Yes, it’s another post that talks about raising teenagers, more specifically, teenage boys. I am currently raising two (15 and soon-to-be 17).
And they are as different as night and day! Where one has a devil-may-care attitude, the other is more anxious and worried. While one is more adventurous, the other is more routine and systematic. The oldest is more conscientious whereas the 15 yo is more indifferent. They are both fun and energetic and smart. They are both completely lost as to what they want to do in life which is, more than likely, credited to their age.
And, of course, during the adolescent years…
Nothing Makes Sense except whatever seems to be happening at the time.
So. Much. Is. Happening. during these years and the teen can’t make heads or tails of it.
The body is growing in weight, muscles, height. Mentality is changing in connection with the need for independence and self-discovery/identity. Love interests become more meaningful, friendships either dissipate or grow strongers, and presception of outward appearance increases.
Needless to say, it’s just hard….
…..but being a teen is fun. And as one grows, he/she charms or entertains another with stories from youth.
However, raising boys can be just as emotional for parents. The parents deal with:
Now, a parent is no longer trying to keep a pint-sized little human safe from bee stings and scraped knees, but is focused on preventing said child from becoming a parent to young or causing harm to others due to irresponsible, reckless behavior and/or decisions.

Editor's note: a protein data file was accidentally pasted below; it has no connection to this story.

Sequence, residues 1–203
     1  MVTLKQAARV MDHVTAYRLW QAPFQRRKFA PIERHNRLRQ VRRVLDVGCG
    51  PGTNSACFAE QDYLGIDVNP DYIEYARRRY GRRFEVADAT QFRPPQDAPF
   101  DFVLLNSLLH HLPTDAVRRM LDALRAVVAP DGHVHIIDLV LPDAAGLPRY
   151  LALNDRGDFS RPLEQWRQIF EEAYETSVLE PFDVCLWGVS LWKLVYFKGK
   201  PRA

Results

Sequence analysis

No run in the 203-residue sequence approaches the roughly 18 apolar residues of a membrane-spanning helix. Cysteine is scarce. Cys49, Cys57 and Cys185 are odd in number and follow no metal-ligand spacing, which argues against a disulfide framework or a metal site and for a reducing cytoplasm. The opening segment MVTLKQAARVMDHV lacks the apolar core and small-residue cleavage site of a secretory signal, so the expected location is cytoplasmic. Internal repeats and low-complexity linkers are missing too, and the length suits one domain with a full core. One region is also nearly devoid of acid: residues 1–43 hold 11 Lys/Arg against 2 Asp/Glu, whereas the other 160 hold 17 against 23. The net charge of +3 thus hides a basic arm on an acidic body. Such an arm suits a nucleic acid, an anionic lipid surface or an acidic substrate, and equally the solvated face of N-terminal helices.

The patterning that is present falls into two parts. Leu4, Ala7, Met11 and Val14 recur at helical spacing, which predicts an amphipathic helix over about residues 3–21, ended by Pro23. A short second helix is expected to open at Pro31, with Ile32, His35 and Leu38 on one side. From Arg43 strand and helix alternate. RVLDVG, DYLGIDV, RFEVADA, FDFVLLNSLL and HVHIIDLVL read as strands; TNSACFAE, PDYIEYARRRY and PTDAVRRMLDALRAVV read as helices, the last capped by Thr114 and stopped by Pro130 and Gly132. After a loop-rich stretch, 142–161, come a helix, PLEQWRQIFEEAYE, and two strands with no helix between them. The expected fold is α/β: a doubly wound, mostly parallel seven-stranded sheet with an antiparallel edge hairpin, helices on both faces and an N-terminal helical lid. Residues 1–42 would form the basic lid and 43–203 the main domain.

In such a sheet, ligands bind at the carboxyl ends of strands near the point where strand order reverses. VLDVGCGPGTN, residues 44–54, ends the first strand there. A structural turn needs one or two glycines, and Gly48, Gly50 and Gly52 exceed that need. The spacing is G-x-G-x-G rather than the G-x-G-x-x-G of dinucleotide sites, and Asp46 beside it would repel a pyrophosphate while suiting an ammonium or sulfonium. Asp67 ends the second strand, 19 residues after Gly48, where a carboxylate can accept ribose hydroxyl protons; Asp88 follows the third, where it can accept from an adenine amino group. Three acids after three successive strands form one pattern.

The shift in parental teachings is quite a big leap for parents. Parents don’t always know the right answer because there isn’t one. They don’t always know how the outcome of any given decision. There isn’t an instruction booklet we are given when we bring our little ones home from the hospital, but there are some general tips we can follow when rearing these muleheaded, rough around the edges, emotionally unstable beings.
Don’t cringe, mommies. It does get better. Your son is on his way (with your guidance) to being the kind of man you want him to be.
Dear Lady Exiting the Family Dollar,
Yes, I noticed you. I noticed that you held the door for my daughter and I.
Yes, I noticed your subtle reminder to me that I didn’t say thank you.
Yes, I noticed.
But, did you notice that I was chasing after my 6 year old daughter in dire need of a bathroom?
Did you notice that she was quite close to having an accident?
Did you also notice that, although old enough to wait in the car, I didn’t want to make my older children wait for too long.
In your subtle way of reminding me that I didn’t say ‘thank you’ because you held the door for us, I hope you felt a little bit better about yourself.
I, on the other hand, am truly sorry that I didn’t say thank you. I am sorry that my mind was otherwise occupied with making sure my daughter didn’t have an accident right there in the entrance of the store.
Truly, I am sorry.
I did, in fact, appreciate your kind gesture.
However, I wonder if you’d be so kind in any other similar situation that you may be a bit more forgiving toward a stranger.
As I see it, yes, you did a kind gesture. Yes, I may have appeared to be a rude, unappreciative person.
But, isn’t it a little hypocritical to do a kind gesture only to follow it up with such a snarky response because another may have failed to recognize or, such is my case, was to preoccupied with saving her daughter from embarrassment and the store from having to clean up a mess?
So, Lady Exiting the Family Dollar, I am sorry for my rudeness.